Use of the name Siwanoy was not unique to the north shore of Long Island Sound in early accounts.  Johan de Laet (deLaet: 53) mentioned the Sawanoos [sic] on Long Island [sic] in 1609.  Adraien Block's 1614 map of northeastern Massachusetts has Sywanois there.  That simply means that they also made wampum on Long Island and in northeastern Massachusetts.  The name also turned up on maos of Delaware.  Various early spellings of Siwanoy included:  Sewonkeeg, Siwanoos, Siwanois, Sywanois, and Siwanog."

Source:  id., p. 66.

Third and most significantly, research has not revealed even one New Netherland or New England colonial document that uses the term "Siwanoy" or any spelling variant of it as the name of an identifiable group of Natives in the region of today's Pelham or elsewhere.

Despite the single reference in De Laet's 17th century book indicating that coastal Natives near Hell Gate were named "Siwanois," no primary evidence supports the assertion.  De Laet certainly was mistaken. 

*          *          *          *          *

"CHAPTER 8

Situation of the Coast of of New Netherland from Pye Bay to the Great River of Mountains. . . . 

"Pye Bay is perhaps that of Marblehead, Massachusetts."  [NOTE:  The "Great River of Mountains" was how the Dutch, who came from a flat sea-level nation, first described the Hudson River in the earliest years of the 17th Century.  Thus, what follows is a relevant portion of a chapter that describes the northeast coastline from today's Marblehead, Massachusetts to New York Harbor and Upper New York Bay.]

[Page 43]

Next, on the same south coast, succeeds a river named by our countrymen Fresh River, 3 which is shallow at its mouth, and lies between two courses, north by east and west by north; but according to conjecture, its general direction is from north-northwest.  In some places it is very shallow, so that at about fifteen leagues up the river there is not much more than five feet of water.  There are few inhabitants near the mouth of the river, but at the distance of fifteen leagues above they become numerous; their nation is called Sequins.  From this place the river stretches ten leagues, mostly in a northerly direction, but is very crooked; the reaches extend from northeast to southwest by south, and it is impossible to sail through them all with a head wind.  The depth of water varies from eight to twelve feet, is sometimes four and five fathoms, but mostly eight and nine feet.  The natives there plant maize, and in the year 1614 they had a village resembling a fort for protection against the attacks of their enemies.  They are called Nawaas, and their sagamore was then named Morahieck.  They term the bread made of maize in their language, leganick.  This place is situated in latitude 41° 48'.  The river is not navigable with yachts for more than two leagues farther, as it is very shallow and has a rocky bottom.  Within the land dwells another nation of savages, who are called Horikans; they descend the river in canoes made of bark  This river has always a downward current, so that no assistance is drived from it in going up, but a favorable wind is necessary.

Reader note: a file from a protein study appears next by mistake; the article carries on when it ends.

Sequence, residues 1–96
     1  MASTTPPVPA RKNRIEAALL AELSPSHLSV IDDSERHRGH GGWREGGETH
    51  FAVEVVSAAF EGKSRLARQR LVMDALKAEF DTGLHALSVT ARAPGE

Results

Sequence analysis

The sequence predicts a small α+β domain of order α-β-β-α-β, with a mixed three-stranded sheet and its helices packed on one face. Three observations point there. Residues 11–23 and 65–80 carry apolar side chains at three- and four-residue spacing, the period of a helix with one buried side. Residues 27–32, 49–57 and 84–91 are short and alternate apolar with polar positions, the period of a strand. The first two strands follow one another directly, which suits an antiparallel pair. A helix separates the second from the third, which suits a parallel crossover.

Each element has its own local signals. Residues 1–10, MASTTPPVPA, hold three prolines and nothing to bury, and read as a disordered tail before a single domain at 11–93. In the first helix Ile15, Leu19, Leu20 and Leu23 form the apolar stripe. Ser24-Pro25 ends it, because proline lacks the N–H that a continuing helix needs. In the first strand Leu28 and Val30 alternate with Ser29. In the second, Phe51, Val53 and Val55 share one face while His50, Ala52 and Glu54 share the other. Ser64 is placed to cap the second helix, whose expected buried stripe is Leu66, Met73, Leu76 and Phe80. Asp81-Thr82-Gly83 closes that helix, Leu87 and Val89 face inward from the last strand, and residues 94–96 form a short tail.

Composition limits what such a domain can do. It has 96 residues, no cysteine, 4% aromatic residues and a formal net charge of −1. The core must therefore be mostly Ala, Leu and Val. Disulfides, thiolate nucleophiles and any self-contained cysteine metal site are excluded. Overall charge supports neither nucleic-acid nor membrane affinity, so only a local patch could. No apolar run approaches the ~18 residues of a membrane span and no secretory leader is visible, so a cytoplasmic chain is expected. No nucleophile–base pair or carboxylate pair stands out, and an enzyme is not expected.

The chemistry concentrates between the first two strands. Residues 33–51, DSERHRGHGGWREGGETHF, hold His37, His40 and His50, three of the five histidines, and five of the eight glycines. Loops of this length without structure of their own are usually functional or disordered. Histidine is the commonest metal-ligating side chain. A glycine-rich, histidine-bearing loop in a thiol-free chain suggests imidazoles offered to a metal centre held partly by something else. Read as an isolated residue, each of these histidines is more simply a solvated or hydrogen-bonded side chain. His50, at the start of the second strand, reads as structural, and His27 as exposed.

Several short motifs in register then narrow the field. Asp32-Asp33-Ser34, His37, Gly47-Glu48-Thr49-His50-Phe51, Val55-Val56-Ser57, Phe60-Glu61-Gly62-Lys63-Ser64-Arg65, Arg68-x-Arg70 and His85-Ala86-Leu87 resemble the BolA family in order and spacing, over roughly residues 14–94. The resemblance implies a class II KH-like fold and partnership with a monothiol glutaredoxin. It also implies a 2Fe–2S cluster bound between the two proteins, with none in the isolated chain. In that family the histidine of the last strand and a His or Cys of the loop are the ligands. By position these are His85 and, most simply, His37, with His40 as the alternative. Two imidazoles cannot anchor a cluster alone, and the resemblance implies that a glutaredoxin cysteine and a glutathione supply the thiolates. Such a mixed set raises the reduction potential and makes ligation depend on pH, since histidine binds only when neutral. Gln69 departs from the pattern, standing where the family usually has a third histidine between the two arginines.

From Fresh River to another called the river of Royenberch, 4 it is eight leagues, west by north and east by south; this stream 

[Page 44]

stretches east-northeast, and is about a bow-shot wide, with a depth of three and a half fathoms at high water.  It rises and falls about six feet; a southeast by south moon causes high water at its mouth.  The natives who dwell here are called Quiripeys.  They take many beavers, but it is necessary for them to get into the habit of trade, otherwise they are too indolent to hunt the beaver.

Four leagues further to the west there lies a small island, where good water is to be found; and four leagues beyond that are a number of islands, so that Captain Adriaen Block gave the name of Archipelagus to the group.  The great bay is there about four leagues wide.  There is a small stream on the main that does not extend more than half a league in from the shore, when it becomes perfectly dry.  The natives here are called Siwanois, and dwell along the coast for eight leagues, to the neighborhood of Hellegat.  At the entrance of this bay, as we have already mentioned, are situated several islands, or broken land, on which a nation of savages have their abode, who are called Matouwax; they obtain a livelihood by fishing within the bay; whence the most easterly point of the land received from our people the name of Fisher's Hook and also Cape de Baye. 1  This cape and Block Island are situated about four leagues apart, in a course east by north and west by south."